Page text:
Sarah Blasko

Australian singer Sarah Blasko is an unlikely pop star. Her confessional songs are full of complicated feelings and tangled emotions, and her subtle vocal style owes as much to jazz and gospel singers as it does to any current diva. She croons her dreamy lyrics in a breathy voice, coming in before or after the beat to give the songs a delicious, indecisive tension that draws you into her world with a gentle insistent grace. On stage, she’s almost as quiet as she is on record, whispering to the crowd while her band embroiders her tunes with restrained electric guitars and subliminal percussion accents. “Less is more,” Blasko says from the New York office of her American publicist. “That’s the main idea that occurred to me when I was writing this album.”

The album is As Day Follows Night, her third solo effort, and the first to be getting a big promotional push in the United States. Her first two records, The Overture & the Underscore, which was a platinum success in Australia, and the ARIA (Australian Grammy) winning What the Sea Wants, the Sea Will Have, were both released in the US, but didn’t get much play from critics or radio. “I toured [the US] a bit when they came out, but I didn’t put much work into promoting them, really.”

As Day Follows Night is a radical departure from Blasko’s previous efforts. The instruments are all acoustic and it’s the first record that she hasn’t co-produced herself. Instead, she enlisted the help of Björn Yttling [of Peter Bjorn and John] who corralled some of Sweden’s top jazz players and held sessions in the same studio that ABBA used to turn out all those hits. “It’s a huge studio and it was a bit intimidating at first,” Blasko says. “But it’s a warm room, not at all sterile and everybody was really supportive. When Janne Hansson, one of the engineers, would hear a take he really liked, he’d get all teary, which was really encouraging.”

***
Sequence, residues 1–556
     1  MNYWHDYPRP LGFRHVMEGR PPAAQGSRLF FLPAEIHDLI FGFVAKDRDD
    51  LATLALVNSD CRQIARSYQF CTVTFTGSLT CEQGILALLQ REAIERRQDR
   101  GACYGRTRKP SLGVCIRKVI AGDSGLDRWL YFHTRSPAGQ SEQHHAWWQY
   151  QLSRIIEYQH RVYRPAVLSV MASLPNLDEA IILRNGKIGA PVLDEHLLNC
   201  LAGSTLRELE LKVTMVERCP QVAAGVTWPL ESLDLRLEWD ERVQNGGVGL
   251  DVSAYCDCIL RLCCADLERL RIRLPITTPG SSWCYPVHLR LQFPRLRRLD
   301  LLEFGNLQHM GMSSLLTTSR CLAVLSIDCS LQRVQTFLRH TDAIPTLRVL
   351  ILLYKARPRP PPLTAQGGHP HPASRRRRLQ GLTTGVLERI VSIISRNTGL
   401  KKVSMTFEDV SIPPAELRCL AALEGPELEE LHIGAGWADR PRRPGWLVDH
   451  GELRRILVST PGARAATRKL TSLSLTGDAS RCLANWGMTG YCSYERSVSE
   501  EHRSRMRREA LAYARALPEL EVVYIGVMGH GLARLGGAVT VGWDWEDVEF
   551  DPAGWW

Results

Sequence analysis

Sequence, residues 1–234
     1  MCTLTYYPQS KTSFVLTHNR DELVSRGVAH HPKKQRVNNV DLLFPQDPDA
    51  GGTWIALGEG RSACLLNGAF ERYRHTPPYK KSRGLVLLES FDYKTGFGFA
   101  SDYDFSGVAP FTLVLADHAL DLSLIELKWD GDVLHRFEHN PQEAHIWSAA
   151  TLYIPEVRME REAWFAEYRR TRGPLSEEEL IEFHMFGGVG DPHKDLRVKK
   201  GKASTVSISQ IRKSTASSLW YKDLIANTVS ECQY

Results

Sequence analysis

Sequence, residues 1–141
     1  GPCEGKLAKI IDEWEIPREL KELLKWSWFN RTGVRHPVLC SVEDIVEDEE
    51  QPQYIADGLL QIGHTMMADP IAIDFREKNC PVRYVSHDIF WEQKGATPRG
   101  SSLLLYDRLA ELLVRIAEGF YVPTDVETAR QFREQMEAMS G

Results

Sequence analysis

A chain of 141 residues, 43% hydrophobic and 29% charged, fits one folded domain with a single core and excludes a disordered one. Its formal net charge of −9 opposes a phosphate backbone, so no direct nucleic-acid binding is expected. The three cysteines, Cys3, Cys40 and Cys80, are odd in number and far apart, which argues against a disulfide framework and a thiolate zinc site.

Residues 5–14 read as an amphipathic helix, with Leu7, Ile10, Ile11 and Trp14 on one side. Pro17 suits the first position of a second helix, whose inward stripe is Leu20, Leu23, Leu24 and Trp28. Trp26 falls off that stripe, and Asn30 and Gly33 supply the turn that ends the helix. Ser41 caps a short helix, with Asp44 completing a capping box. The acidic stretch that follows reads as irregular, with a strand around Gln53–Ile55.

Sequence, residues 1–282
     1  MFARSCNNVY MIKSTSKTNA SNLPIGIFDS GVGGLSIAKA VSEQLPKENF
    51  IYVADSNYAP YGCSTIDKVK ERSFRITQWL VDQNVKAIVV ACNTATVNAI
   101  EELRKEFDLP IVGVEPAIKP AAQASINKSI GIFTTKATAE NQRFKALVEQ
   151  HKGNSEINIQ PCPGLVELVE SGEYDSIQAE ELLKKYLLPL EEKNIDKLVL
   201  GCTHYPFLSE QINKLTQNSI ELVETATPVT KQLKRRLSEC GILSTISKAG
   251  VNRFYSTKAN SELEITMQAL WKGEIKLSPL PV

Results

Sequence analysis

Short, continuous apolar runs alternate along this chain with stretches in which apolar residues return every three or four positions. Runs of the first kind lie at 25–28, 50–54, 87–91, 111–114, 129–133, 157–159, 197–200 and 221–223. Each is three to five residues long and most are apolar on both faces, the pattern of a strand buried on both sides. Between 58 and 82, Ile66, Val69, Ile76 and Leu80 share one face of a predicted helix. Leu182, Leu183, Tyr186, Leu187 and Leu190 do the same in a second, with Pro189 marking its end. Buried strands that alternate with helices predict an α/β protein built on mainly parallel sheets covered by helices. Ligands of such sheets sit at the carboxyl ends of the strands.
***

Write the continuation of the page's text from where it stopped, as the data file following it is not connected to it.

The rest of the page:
The songs on the album were written after Blasko broke up with her long time musical and personal partner Robert Cranny. “It is a heartbreak album, but it’s also hopeful. I didn’t want it to be a long wallow. There are a lot of sad songs, but in the process of recording them, they took on a more positive aspect.” Blasko poured her hopes and dreams into the songs on the album, believing in the ability of music to transform her emotions into uplifting sentiments. She believes that even the saddest song is an act of faith that things will get better.

Blasko wrote As Day Follows Night on the piano, instead of guitar. She’d sit and play random notes on the keyboard until a song began to take shape. In her teen years, her parents belonged to a Pentecostal church. There was always a section of the service dedicated to free singing where the band improvised and the singers poured out their hearts. That experience stayed with her when she started writing songs. “I still write in a similar way. That spirit is with me all the time. If I just start singing, it usually comes out.”

Since the songs that make up As Day Follows Night were composed in a creative frenzy, she wanted to bring in someone who could see them with fresh eyes. Yttling accents his productions with inventive rhythm and percussion touches, which complimented Blasko’s more melodic approach. “We inspired each other,” Blasko said.

During the recording process, Blasko and Yttling played each other songs by artists they liked: Talking Heads, Paul McCartney, Leonard Cohen and Paul Simon. The idea was to create arrangements that embraced all kinds of music. “Some songwriters want to give the impression that they live on a remote musical island, as if they’re ashamed to admit they have influences,” Blasko states. “We wanted to embrace our influences. That’s why we used a Talking Heads rhythm on ‘Over & Over’ and called a song ‘Bird On A Wire’ after Leonard Cohen.”

Blasko said that borrowing ideas and making them your own, makes the music richer. “Acknowledging other artists helps connect you to the river of songs that we’re all carried along by.” Blasko likes the fact that pop can range through so many styles: jazz, blues and folk. “I want to embrace them all,” she says.

One thing Blasko hasn’t embraced, at least not yet, is rock in its rowdier incarnation. Does she ever get the urge to grab the mic and kick out the jams? “I’m a big fan of subtle in music. I like emotions that are implied, the little details you don’t notice consciously can be quite mesmerizing. I like holding back and slowly revealing my secrets, but I do feel the need to explode and I’m sure I will at some point. After three quiet reflective albums, it might be time to start shouting.”

– J. Poet

photography by Chris Morris

THE SPRING ISSUE


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